Well, well, what matters it, believe that too.

Not long ago, a Somali comedian was murdered in cold blood.  He has shot, point blank, in the head and the chest.  His crime – poking fun at Islamist militants.  Again, I reiterate, whenever someone says, writes or creates anything that you may deem heretical, they must be given extra protection by you and by the state, for they are adding something to the table that was previously missing.

This showcases the religious threat, but rather than have myself expatiate its horrors in the realms of free expression, criticism and emancipation, I shall instead offer the prose of Karl Marx in his Introduction to his Critique on Hegel’s Philosophy of Right.  The first page is all that is necessary to understand the point, but continue if you so please, for who am I to tell you what you cannot read?

Freedom of the press is an obvious arm of free speech, with state-run papers being viewed, rightly in my opinion, with a hint of cynicism and a raised eyebrow whenever they critique domestic politics.  But the strong arm of censorship runs deeper into the ‘Independent’ papers too, with their shareholders invariably having a say when a story threatens a conflict of (their) interest.

A few months ago, the Journalist syndicate in Cairo convened to hold an emergency meeting to discuss the appointment of the latest chief editors for the country’s state-run papers.  They were aware that the government’s appointments to the 5 major state-run newspapers were almost certainly going to affect their freedom in criticising the ruling powers. The new editors would be foolish to so quickly turn on the powers that granted them such high positions.  You do not bite the hand that feeds, as the saying goes.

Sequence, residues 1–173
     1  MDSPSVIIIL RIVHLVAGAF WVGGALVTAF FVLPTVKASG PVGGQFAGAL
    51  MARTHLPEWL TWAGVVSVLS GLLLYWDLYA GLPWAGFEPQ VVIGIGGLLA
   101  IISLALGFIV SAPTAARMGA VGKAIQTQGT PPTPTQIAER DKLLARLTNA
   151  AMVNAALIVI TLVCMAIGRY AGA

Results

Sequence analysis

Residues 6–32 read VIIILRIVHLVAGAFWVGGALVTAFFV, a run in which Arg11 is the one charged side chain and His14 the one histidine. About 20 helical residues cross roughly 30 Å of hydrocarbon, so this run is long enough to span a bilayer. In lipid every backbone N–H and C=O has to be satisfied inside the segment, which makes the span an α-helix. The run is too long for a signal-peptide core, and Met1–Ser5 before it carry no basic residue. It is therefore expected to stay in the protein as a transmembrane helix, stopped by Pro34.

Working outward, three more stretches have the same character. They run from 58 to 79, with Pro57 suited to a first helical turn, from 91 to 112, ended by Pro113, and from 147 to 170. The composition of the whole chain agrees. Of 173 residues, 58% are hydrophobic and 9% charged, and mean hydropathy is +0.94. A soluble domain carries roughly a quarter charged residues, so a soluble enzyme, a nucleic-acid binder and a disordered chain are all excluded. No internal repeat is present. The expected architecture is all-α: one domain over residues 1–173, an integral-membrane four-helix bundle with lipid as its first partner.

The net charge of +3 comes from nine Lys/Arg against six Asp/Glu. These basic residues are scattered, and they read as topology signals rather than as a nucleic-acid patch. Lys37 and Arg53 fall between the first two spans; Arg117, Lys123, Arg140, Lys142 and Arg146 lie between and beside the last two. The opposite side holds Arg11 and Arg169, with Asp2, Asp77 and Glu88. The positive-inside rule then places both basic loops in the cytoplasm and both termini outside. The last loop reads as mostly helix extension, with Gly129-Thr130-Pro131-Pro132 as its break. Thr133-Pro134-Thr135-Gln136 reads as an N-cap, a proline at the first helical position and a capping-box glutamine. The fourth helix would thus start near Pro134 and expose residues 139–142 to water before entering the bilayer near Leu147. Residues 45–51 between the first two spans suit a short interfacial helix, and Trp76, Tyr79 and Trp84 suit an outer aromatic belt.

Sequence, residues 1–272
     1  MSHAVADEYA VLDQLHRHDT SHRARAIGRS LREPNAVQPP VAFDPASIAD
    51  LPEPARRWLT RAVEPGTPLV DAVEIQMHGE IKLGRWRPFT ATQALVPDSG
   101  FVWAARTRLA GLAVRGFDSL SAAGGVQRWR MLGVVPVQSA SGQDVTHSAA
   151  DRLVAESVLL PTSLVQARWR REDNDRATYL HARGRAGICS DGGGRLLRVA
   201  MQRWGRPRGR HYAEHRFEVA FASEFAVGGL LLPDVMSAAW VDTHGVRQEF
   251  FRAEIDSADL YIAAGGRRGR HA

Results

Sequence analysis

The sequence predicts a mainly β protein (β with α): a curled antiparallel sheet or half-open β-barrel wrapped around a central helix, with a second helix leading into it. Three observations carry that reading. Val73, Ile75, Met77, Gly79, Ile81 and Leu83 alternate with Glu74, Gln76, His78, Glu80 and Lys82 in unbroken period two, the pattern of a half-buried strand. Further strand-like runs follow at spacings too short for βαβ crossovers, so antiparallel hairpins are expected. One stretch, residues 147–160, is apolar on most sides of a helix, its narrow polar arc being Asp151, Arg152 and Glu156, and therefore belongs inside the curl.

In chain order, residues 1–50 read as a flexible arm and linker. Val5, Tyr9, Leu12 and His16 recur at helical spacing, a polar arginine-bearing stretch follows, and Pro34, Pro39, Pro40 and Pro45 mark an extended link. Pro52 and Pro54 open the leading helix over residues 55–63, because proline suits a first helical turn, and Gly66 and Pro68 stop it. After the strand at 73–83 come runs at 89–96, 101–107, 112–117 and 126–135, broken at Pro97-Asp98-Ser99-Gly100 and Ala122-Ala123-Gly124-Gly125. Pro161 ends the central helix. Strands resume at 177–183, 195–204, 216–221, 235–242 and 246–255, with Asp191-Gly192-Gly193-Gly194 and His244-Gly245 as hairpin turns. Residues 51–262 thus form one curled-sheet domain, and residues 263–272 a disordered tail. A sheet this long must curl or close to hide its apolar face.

It has always been the first practice of a dictator after they have secured the loyalty of the army to then secure the provisions of the Press, for this had always been the main source of knowledge for the proletariat.  However, with the advent of the Internet another vast channel of free speech and knowledge opened up; yet another channel that the totalitarian needs to close.

One must only look to the last true dictatorship in Europe, Belarus, to see the evidence.  It claims to run a free press, yet it is illegal to write anything slanderous about the despotic President, Alexander Lukashenko.  Exactly who falls afoul of the critical-slanderous line is obviously up to Lukashenko’s cronies and there have been disappearances of several Belarusian journalists.  It is this omnipresent threat that made Freedom House, a trusted independent monitor, call Belarus’ freedom of press and internet ‘not free’.

Stop someone from speaking; withhold something they have written; or bury something they have created and you are in essence making yourself a prisoner of your own actions.  You are denying yourself in advance; you are creating a rod for your own back, for in the subjective realm of censorship, all is fair game when it comes to closing avenues of learning.